Dáil Éireann - Volume 526 - 28 November, 2000
Written Answers. - Social Welfare Appeals.
Mr. Durkan Mr. Durkan
339. Mr. Durkan asked the Minister for Social, Community and Family Affairs if he has satisfied  himself that natural justice has prevailed in the case of the now reduced payment in lieu of disability allowance in the case of a person (details supplied) in County Kildare in view of the existence of already established precedent and practice; if at the time of enquiry about old age pensions, the person was advised of the potential reduction, notwithstanding the recent decision by the appeals officer; and if he will make a statement on the matter. [27640/00]
Mr. D. Ahern Mr. D. Ahern
Minister for Social, Community and Family Affairs (Mr. D. Ahern): Up to 1 October 1996 the person concerned was in receipt of disabled person's maintenance allowance from the health board at the maximum rate. His means were assessed at £4 a week derived from the rental of a second property owned by him. When my Department took over the administration of the scheme in October 1996 and the scheme became disability allowance he continued to receive payment at the maximum rate under the transitional arrangements which then applied. The person concerned reached pension age of 66 years on 6 January 2000. He was awarded an old age pension of £92.70 per week with effect from 7 January 2000. This amount comprised a personal rate of £58.50 and an increase of £34.20 in respect of his wife. This was based on a means assessment of £25.96 a week, deriving from the estimated capital value (£40,000) of the second property which he owned. His spouse was subsequently awarded a carer's allowance in her own right at the maximum rate of £76.50 per week. Consequently the qualified adult allowance payable to the person concerned as part of his pension was discontinued. Under social welfare legislation, the property is assessed by reference to its capital value. The property in question was initially valued on a provisional basis at £40,000 but subsequently was valued by the valuation office at £80,000.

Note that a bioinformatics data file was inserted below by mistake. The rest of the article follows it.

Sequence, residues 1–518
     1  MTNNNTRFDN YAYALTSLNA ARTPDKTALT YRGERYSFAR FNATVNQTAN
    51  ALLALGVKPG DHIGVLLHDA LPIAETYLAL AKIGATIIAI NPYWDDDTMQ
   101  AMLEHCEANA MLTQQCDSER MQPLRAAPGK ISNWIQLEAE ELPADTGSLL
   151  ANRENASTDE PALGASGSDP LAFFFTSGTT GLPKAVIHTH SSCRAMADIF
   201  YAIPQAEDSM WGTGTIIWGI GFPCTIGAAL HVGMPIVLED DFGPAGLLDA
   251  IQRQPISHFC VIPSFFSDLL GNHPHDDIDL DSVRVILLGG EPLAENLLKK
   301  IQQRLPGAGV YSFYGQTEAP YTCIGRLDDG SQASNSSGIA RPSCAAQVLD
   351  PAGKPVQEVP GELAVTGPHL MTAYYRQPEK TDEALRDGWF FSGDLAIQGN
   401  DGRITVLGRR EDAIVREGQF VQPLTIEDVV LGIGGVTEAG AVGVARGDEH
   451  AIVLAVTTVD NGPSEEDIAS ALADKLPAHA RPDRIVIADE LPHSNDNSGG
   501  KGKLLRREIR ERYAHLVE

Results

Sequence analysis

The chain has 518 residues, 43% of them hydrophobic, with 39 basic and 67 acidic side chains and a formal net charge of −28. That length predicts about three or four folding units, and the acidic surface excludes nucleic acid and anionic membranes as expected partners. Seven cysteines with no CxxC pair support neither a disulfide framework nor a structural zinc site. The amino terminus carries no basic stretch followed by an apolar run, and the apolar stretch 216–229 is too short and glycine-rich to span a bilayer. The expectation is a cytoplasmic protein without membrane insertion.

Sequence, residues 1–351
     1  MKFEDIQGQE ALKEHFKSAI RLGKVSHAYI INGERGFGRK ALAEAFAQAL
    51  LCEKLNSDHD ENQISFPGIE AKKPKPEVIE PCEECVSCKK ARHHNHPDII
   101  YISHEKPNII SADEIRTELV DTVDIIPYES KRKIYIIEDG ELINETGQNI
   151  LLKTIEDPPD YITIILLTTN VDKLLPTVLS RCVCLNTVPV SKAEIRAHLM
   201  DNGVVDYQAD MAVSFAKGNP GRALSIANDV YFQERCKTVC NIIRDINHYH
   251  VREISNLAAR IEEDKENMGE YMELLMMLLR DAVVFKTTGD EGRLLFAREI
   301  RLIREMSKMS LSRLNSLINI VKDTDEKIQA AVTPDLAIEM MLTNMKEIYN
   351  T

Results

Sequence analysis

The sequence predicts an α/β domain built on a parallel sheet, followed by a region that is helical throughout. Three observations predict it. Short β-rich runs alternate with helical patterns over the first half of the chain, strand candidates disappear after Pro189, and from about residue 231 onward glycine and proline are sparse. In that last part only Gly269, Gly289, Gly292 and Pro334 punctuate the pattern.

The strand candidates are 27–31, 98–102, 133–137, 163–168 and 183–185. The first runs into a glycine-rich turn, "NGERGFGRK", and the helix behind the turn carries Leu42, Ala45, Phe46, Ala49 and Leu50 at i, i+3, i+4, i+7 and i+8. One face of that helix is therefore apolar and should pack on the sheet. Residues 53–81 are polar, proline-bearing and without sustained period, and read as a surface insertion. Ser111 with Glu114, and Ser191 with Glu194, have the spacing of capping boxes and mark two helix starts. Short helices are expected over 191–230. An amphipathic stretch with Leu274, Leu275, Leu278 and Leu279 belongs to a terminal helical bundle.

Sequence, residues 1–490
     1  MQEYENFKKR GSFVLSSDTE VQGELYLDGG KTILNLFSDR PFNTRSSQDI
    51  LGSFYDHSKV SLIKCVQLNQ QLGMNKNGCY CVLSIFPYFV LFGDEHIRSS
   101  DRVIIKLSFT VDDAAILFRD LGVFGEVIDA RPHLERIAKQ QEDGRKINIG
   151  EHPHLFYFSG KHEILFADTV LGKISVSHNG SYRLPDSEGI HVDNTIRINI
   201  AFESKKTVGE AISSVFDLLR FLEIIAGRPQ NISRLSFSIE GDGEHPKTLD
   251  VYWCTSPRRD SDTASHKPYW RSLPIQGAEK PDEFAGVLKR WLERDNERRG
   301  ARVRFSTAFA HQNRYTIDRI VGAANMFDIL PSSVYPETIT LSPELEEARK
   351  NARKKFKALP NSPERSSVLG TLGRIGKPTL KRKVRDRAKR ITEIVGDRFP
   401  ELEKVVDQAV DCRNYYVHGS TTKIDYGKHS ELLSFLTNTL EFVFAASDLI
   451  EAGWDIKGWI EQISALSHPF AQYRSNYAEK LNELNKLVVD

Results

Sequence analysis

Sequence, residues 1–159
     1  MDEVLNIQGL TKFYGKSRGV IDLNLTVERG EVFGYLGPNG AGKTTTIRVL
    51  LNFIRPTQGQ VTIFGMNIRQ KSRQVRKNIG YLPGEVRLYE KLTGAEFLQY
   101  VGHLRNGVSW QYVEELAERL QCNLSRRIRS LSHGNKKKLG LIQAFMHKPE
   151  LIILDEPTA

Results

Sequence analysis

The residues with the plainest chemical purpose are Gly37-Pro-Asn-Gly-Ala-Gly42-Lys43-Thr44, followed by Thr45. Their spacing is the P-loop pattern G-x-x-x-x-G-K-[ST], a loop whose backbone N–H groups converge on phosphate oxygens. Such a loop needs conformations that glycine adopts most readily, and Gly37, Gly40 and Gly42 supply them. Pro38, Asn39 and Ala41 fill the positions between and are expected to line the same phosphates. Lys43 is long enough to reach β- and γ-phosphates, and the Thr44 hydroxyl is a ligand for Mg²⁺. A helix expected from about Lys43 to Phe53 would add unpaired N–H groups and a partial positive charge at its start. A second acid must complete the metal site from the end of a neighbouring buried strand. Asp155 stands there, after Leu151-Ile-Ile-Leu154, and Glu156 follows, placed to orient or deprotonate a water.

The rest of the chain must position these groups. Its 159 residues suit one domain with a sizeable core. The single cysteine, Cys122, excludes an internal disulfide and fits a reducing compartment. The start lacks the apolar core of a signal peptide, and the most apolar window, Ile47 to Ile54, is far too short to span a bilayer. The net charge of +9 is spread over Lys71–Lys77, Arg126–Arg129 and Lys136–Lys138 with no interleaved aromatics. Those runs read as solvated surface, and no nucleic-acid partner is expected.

Based on this value the person concerned was entitled to an old age non-contributory pension at the weekly rate of £9.50. This was the rate appropriate to his means at that time, assessed in full accordance with the rules set out in the legislation governing this scheme.
His means were again reviewed in the context of the improved capital assessment rules provided for in the Social Welfare Act, 2000, and this had the effect of increasing his rate of pension to £21.50 per week from 13 October 2000.
When the person made his application for old age pension his entitlement was dealt with in the normal manner by a deciding officer under the relevant old age pension means legislation. As is normal practice in such cases, where a person in receipt of an existing payment indicates that his means have changed, the claim is referred to a local officer for a review of means following that review, in this case the person concerned received notification of the decision in regard to his rate of old age pension, and of his right of appeal against that decision if he was dissatisfied with it.  He appealed to the social welfare appeals office. Having considered all the evidence, including that adduced at an oral hearing, the appeals officer upheld the means assessment.
The correct procedures appear to have been followed in this case. Under social welfare legislation decisions in relation to claims must be made by deciding officers and appeals officers. These officers are statutorily appointed and I have no role in regard to making such decisions.
Dáil Éireann 526 Written Answers. Social Welfare Appeals.